What are we to learn from this?
Our forest future doesn’t need to be a future of Pinus radiata alone. There are alternatives on the table. And that’s just as well, because as long as landowners have a choice over what they plant, then many landowners won’t want to plant radiata pine (at least not without handsome incentives). Given that the majority of land available for future forest is privately owned, climate policy needs to take seriously the preferences of people, whether its their aesthetic preferences, cultural values like kaitiakitanga, or concerns over biodiversity and wilding pines. A native tree in the ground will always sequester more carbon than a fast-growing exotic that never gets planted at all. This is why, in the Our Forest Future report, I called for a principle of “appropriate diversification”.
Fortunately, native trees are not only a feasible option, they’re sometimes the more profitable option, especially when landowners pick the right tree for the right site. That doesn’t mean we should only plant native trees with commercial purposes in mind. Native tree planting for conservation projects, for habitat restoration, for permanent forest sinks, and for riparian planting should be a part of the picture too – the bigger the better. But anyone who relies on their land as their principal source of income needs to make ends meet. Native planted forests – sensibly managed – can strike a balance between favourable economic returns and favourable environmental outcomes.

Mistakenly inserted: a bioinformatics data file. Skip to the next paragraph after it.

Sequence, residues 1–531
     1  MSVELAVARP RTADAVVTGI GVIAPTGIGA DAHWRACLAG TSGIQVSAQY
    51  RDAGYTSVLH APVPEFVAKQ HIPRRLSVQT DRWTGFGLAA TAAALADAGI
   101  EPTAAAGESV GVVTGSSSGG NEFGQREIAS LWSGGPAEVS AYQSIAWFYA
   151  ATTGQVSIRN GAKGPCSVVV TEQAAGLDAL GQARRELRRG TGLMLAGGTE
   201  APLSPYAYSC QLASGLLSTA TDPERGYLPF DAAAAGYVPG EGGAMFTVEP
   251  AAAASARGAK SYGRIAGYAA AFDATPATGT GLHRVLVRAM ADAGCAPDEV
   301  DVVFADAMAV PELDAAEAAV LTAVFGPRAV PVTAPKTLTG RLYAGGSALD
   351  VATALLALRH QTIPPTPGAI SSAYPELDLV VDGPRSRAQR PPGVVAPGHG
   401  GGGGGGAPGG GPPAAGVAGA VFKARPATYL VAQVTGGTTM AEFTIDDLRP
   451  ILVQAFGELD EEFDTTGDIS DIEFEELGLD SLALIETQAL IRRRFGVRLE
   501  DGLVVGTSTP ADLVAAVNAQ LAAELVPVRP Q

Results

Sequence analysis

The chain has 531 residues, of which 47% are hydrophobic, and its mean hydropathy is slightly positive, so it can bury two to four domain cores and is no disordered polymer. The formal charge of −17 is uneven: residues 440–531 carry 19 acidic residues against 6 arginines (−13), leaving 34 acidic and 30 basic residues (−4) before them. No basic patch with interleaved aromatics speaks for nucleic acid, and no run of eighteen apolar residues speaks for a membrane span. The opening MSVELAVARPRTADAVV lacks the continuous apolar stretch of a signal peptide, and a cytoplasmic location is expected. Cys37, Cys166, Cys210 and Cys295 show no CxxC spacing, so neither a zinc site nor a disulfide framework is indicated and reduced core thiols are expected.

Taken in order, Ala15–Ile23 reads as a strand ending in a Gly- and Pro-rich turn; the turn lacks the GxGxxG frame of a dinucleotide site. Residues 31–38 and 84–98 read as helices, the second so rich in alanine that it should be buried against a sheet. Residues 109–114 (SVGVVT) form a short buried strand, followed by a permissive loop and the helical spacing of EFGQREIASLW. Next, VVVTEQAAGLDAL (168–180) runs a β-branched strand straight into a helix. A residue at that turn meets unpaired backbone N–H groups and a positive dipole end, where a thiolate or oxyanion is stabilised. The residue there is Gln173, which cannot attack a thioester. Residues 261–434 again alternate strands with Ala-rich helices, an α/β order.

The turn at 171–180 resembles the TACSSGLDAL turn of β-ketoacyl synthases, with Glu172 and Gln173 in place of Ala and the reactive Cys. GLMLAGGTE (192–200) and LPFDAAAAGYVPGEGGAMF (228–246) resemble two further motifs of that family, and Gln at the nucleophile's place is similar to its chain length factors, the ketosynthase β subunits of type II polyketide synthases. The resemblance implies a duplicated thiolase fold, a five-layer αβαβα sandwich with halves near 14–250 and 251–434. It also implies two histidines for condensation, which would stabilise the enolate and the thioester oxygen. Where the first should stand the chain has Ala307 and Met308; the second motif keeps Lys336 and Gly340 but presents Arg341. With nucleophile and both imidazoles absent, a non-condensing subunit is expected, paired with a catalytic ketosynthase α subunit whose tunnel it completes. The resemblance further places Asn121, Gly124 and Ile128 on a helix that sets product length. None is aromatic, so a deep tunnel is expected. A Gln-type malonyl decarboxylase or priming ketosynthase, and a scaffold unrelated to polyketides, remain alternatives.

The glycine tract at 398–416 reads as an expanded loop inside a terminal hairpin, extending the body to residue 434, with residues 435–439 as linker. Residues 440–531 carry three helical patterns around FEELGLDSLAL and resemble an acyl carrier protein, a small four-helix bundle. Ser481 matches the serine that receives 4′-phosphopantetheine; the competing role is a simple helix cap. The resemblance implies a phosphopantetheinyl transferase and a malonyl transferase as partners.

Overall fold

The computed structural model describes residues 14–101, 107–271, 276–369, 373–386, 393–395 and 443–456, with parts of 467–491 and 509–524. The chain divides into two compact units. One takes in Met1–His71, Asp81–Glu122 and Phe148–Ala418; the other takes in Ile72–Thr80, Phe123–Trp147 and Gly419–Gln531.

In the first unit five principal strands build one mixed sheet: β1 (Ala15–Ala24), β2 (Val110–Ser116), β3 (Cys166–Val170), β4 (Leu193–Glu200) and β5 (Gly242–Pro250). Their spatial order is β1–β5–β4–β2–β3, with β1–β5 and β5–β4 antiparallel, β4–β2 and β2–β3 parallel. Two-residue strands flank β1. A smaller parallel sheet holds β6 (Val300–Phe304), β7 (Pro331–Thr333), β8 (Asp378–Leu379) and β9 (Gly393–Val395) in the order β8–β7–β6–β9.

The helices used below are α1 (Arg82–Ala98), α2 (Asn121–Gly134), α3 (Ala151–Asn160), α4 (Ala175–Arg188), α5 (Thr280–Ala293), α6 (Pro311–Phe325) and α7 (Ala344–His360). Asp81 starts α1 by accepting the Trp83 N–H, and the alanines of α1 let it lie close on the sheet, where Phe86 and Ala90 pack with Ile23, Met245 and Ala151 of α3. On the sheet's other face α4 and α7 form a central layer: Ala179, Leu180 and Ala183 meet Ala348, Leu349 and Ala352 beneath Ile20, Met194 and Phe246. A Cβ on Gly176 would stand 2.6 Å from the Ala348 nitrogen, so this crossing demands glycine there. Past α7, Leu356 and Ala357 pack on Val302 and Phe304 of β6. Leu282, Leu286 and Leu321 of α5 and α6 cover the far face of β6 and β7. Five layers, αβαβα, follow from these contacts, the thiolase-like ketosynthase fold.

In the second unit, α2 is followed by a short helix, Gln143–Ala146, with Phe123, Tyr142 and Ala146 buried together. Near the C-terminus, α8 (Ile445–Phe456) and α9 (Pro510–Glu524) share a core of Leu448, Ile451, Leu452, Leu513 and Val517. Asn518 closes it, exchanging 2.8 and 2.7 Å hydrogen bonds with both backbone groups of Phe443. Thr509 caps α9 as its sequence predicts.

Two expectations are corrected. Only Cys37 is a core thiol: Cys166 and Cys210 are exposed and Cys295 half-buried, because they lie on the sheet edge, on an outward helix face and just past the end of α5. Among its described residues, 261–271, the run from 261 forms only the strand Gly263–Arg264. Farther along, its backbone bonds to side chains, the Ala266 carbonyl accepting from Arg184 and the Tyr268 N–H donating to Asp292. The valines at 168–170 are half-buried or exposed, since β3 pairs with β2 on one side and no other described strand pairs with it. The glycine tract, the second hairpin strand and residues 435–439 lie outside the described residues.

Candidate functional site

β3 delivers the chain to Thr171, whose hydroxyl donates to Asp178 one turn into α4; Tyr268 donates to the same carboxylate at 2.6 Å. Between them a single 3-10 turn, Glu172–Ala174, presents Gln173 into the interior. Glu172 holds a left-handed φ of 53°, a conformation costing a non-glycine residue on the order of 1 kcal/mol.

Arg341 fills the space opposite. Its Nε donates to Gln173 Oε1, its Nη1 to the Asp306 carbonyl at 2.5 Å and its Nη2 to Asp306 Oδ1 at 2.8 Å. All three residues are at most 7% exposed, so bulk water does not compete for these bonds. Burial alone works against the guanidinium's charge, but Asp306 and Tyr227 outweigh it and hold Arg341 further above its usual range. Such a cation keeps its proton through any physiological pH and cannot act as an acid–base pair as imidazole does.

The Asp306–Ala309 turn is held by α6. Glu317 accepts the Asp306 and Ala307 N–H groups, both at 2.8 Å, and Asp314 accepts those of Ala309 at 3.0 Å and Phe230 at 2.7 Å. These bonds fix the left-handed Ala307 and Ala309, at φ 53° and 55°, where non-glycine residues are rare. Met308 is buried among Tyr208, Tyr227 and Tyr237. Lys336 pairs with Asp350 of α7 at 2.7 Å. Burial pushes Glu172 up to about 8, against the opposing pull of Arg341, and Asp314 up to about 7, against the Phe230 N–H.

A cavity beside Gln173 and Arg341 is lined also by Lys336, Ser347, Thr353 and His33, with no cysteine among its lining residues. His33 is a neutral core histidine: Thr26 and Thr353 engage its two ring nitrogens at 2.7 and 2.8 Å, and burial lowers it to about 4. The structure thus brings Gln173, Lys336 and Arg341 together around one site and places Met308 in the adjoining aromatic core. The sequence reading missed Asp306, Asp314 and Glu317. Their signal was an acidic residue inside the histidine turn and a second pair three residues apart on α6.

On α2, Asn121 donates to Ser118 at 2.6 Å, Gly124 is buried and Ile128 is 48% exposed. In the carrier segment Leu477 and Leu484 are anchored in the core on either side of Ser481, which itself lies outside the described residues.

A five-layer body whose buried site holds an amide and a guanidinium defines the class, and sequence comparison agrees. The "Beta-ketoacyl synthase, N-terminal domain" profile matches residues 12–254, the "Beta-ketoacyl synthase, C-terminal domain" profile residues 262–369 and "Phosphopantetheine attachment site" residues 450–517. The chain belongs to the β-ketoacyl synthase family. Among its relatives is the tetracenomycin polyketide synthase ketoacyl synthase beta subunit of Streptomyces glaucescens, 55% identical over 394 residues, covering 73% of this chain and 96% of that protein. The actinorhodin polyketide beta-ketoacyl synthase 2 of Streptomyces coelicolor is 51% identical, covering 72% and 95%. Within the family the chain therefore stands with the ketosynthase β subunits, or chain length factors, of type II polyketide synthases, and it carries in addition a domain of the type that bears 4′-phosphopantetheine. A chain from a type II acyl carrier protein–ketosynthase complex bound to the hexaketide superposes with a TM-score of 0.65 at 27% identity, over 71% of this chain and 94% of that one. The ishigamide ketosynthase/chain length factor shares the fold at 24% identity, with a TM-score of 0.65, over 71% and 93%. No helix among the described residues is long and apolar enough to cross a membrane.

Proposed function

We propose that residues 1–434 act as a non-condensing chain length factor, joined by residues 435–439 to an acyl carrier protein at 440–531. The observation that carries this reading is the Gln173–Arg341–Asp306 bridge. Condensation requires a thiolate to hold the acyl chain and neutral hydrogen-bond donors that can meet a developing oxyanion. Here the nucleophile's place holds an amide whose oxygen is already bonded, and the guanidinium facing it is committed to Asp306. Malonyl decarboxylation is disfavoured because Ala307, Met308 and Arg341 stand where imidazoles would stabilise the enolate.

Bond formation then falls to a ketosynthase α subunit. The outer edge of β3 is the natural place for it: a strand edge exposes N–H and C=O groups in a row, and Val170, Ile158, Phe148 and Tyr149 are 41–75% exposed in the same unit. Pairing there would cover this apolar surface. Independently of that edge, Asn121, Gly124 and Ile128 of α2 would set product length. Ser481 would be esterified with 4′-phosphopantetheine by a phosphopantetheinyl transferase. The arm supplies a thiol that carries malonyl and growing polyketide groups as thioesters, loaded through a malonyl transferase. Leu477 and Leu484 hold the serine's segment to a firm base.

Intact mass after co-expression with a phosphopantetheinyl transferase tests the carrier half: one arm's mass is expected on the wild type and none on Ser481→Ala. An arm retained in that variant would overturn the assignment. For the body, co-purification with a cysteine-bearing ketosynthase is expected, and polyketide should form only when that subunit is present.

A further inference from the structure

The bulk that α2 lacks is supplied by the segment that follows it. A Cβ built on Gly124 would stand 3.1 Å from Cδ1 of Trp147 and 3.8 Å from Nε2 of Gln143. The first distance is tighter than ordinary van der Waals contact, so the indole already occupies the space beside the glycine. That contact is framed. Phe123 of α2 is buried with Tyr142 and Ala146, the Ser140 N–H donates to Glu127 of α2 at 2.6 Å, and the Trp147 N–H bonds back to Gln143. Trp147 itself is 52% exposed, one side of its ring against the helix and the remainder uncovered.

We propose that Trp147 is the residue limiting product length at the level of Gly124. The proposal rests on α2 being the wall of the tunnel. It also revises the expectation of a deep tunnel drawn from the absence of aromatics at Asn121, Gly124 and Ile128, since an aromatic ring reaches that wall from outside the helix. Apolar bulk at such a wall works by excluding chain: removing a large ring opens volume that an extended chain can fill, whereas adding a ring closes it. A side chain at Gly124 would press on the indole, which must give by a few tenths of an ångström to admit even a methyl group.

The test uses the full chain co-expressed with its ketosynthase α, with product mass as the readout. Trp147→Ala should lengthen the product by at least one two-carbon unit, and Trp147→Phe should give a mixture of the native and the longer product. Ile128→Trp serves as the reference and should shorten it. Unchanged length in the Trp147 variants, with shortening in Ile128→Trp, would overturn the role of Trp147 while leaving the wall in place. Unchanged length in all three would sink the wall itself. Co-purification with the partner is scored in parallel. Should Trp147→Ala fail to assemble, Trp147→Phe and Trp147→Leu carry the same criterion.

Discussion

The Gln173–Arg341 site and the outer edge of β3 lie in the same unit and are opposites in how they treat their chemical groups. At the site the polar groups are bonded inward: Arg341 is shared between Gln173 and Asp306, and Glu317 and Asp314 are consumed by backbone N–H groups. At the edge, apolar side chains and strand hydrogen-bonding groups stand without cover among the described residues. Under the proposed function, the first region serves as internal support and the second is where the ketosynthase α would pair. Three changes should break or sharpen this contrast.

And if that isn’t green growth, then I don’t know what is.